Applicable elements[edit]

The elements generally classified as nonmetals include one element in group 1 (hydrogen); one in group 14 (carbon); two in group 15 (nitrogen and phosphorus); three in group 16 (oxygen, sulfur and selenium); most of group 17 (fluorine, chlorine, bromine and iodine); and all of group 18 (with the possible exception of oganesson).

The distinction between nonmetals and metals is by no means clear.[13] The result is that a few borderline elements lacking a preponderance of either nonmetallic or metallic properties are classified as metalloids;[14] and some elements classified as nonmetals are instead sometimes classified as metalloids, or vice versa. For example, selenium (Se), a nonmetal, is sometimes classified instead as a metalloid, particularly in environmental chemistry;[15] and astatine (At), which is a metalloid and a halogen, is sometimes classified instead as a nonmetal.[16]


Nonmetals have structures in which each atom usually forms (8 − N) bonds with (8 − N) nearest neighbours, where N is the number of valence electrons. Each atom is thereby able to complete its valence shell and attain a stable noble gas configuration. Exceptions to the (8 − N) rule occur with hydrogen (which only needs one bond to complete its valence shell), carbon, nitrogen and oxygen. Atoms of the latter three elements are sufficiently small such that they are able to form alternative (more stable) bonding structures, with fewer nearest neighbours.[17] Thus, carbon is able to form its layered graphite structure, and nitrogen and oxygen are able to form diatomic molecules having triple and double bonds, respectively. The larger size of the remaining non-noble nonmetals weakens their capacity to form multiple bonds and they instead form two or more single bonds to two or more different atoms.[18] Sulfur, for example, forms an eight-membered molecule in which the atoms are arranged in a ring, with each atom forming two single bonds to different atoms.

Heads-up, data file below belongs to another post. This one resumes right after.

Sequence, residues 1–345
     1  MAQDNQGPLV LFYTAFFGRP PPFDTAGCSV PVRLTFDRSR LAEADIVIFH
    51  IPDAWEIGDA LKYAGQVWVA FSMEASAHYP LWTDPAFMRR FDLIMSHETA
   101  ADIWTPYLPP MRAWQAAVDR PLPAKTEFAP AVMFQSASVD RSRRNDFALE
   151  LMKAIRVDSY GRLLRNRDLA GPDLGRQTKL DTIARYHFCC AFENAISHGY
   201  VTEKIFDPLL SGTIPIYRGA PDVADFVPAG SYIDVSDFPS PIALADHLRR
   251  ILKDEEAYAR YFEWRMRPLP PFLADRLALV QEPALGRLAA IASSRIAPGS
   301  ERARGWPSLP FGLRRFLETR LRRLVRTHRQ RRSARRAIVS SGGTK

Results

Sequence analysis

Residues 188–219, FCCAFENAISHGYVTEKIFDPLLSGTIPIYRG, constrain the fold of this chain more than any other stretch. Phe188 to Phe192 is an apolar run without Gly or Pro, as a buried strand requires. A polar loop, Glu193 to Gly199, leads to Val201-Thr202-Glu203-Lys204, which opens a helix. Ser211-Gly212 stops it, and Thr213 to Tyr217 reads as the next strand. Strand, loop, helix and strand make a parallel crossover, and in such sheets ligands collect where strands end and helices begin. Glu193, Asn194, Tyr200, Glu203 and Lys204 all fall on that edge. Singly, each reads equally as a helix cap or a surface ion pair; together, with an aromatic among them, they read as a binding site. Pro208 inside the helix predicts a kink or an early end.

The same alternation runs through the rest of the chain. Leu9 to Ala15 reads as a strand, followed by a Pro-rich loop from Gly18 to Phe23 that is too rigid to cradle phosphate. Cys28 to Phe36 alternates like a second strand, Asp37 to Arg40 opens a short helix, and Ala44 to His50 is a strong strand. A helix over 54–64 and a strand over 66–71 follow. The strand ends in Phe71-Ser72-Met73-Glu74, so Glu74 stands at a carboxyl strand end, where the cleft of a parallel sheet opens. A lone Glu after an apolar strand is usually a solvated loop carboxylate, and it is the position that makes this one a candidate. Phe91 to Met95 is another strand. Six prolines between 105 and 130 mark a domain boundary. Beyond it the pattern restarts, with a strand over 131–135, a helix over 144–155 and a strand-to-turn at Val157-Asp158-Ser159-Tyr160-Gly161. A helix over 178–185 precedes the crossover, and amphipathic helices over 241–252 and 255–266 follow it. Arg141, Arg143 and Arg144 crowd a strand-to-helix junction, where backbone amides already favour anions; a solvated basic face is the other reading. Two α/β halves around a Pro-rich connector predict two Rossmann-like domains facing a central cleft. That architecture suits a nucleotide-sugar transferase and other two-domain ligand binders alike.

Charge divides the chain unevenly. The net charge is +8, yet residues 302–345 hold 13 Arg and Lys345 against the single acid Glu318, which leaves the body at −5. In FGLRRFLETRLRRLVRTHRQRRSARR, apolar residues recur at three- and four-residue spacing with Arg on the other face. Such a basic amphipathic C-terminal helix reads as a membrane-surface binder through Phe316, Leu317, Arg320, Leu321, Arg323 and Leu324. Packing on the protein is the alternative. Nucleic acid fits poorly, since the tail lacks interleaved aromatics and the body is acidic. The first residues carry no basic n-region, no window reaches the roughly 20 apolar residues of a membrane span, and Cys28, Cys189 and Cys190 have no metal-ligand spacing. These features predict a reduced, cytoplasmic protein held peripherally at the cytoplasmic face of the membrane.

From left to right across the standard form of periodic table, as metallic character decreases,[21] nonmetals therefore adopt structures that show a gradual reduction in the numbers of nearest neighbours—three or two for the polyatomic nonmetals, through one for the diatomic nonmetals, to zero for the monatomic noble gases. A similar pattern occurs more generally, at the level of the entire periodic table, in comparing metals and nonmetals. There is a transition from metallic bonding among the metals on the left of the table through to covalent or Van der Waals (electrostatic) bonding among the nonmetals on the right of the table.[22] Metallic bonding tends to involve close-packed centrosymmetric structures with a high number of nearest neighbours.[23]Post-transition metals and metalloids, sandwiched between the true metals[n 3] and the nonmetals, tend to have more complex structures with an intermediate number of nearest neighbours.[n 4] Nonmetallic bonding, towards the right of the table, features open-packed directional (or disordered) structures with fewer or zero nearest neighbours.[26] As noted, this steady reduction in the number of nearest neighbours, as metallic character decreases and nonmetallic character increases, is mirrored among the nonmetals, the structures of which gradually change from polyatomic, to diatomic, to monatomic.